I spent the month of June in Ireland, at the end of which I attended the 2016 Dublin Writers Conference, put on by Laurence O’Brien and the crew at booksgosocial.com. It was a lovely three days’ worth of inspiring and informative sessions put on by successful writers, instructors and publishers. I’ll be sharing some of the tips I learned there (and at this month’s RWA Convention in San Diego) in the next few blog posts. The first batch is from
Conor Kostick, an author and instructor at both Trinity College Dublin and the Irish Writers Center. It’s a partial list of elements that Kostick and his students came up with after analyzing what makes a bestseller stand head and shoulders above the rest. The ideas aren’t in any particular order of importance, and I put my comments in italics:
1. It’s good to have an audience for whatever drama is playing out. Conor used the example of a marriage proposal, but a knockdown, drag out fight would work, too. Let’s face it, we’re voyeurs at heart and we love watching train wrecks or incredibly embarrassing moments. So whatever dramatic scenes you put your protagonists through (especially as they concern each other), think about having others watching them!
2. To show the customized speech of a character, use the idioms that character would say rather than phonetically spell the speech. Check You Tube to hear how various characters (e.g., a Maine lobsterman) speak.
3. Use compression to gloss over the boring aspects of a given dialogue. For example, we don’t need to hear every “Thank you” to the food server coming and going in a restaurant scene.)
4. Make sure you describe landscape not in objective, cinematic terms, but psychologically, through the eyes of the POV character. Example: A mountain can be a welcome chance at freedom for one person, but a too-difficult obstacle for another. It’s the same mountain.
5. Use your critique groups not only to critique but to brainstorm ideas for your WIP (work in progress).
6. Regarding romance: the reader must be convinced as to why the couple should be together. The reader should feel “Yes! They are destined for one another; always have been. Glad they finally realized it.”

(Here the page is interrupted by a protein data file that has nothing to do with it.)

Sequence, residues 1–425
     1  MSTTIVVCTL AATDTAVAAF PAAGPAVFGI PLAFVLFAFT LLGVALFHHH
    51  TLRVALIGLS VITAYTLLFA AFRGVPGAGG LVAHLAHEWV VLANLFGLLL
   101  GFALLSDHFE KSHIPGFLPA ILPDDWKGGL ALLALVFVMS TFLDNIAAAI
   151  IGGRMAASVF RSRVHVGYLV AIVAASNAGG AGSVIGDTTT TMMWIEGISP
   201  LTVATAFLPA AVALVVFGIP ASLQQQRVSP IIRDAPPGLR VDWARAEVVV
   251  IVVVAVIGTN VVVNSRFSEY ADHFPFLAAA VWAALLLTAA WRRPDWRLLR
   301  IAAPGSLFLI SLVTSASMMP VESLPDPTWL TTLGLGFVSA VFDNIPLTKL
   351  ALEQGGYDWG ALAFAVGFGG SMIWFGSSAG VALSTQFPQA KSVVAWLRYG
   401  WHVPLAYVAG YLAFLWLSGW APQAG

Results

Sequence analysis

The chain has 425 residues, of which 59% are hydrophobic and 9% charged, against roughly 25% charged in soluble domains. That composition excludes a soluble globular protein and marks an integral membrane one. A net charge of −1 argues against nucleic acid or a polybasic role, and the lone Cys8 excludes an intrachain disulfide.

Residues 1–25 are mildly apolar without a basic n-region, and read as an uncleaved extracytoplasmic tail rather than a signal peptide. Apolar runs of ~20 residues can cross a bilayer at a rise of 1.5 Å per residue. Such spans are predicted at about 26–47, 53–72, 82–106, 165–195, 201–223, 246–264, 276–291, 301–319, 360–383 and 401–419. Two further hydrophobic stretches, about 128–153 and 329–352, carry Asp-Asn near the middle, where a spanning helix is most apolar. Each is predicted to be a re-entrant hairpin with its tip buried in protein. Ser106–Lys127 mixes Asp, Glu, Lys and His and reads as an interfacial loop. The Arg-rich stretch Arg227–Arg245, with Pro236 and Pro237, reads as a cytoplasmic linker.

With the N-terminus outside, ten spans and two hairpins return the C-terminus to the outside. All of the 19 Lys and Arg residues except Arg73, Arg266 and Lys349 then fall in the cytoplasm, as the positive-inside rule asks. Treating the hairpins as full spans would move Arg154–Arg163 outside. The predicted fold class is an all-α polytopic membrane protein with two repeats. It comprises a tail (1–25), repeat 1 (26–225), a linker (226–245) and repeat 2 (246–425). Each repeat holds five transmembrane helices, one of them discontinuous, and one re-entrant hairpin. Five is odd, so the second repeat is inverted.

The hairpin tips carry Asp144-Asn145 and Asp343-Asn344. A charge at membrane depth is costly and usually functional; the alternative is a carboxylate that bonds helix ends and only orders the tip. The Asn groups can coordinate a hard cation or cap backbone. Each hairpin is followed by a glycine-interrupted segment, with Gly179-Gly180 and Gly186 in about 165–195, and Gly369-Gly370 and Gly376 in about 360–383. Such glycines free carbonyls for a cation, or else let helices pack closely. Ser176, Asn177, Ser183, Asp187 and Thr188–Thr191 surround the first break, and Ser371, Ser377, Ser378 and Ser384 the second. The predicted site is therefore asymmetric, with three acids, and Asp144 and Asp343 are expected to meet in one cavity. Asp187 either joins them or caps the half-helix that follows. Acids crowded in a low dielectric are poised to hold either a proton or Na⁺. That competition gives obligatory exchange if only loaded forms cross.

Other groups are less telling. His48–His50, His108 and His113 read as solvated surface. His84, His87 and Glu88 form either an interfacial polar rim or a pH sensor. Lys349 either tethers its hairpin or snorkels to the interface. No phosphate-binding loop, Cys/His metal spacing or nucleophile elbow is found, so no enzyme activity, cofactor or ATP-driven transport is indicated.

7. The turning point for realizing love usually comes from an unexpected source or event. Corny but true: the heroine falls for the hero not because he saves her from the bad guy’s speeding car, but because he saved a cat from drowning several scenes earlier.
8. Sprinkle your background facts throughout the scenes of your book – don’t “info dump.” (more on that in an upcoming post)
9. Give your villains a justification for their behavior – they certainly have one. Even Hitler had one. You don’t have to go into great detail about it, but sprinkling one or two indicators within the story will make your villain more human, and therefore more scary because they’re not just cartoon characters.
10. Don’t be afraid to use punctuation to create more complex sentences. This helps vary the cadence of your writing, which keeps readers on their toes, as well as adding to the drama. An example of the latter would be to write several medium to long sentences describing a mansion and its grounds, followed by “It was a prison for the insane” to show a major surprise or plot shift. The principle of “variability” can and should be used for paragraphs and chapter lengths, too. Conor opined that many creative writing courses encourage writers to write sparingly like Hemingway, which isn’t always the best approach.
11. Don’t confuse theme with subject matter. Theme is the position you take on a subject matter. A novel can be about marijuana, but the theme could either be “Weed is wonderful” or “Dope is bad.”
12. With endings, make sure it’s clear how the main character has changed, but include a “sense of journey” to show that growth will continue (especially with series characters).
Any of these tips ring a bell with you? I’d love to hear what you think.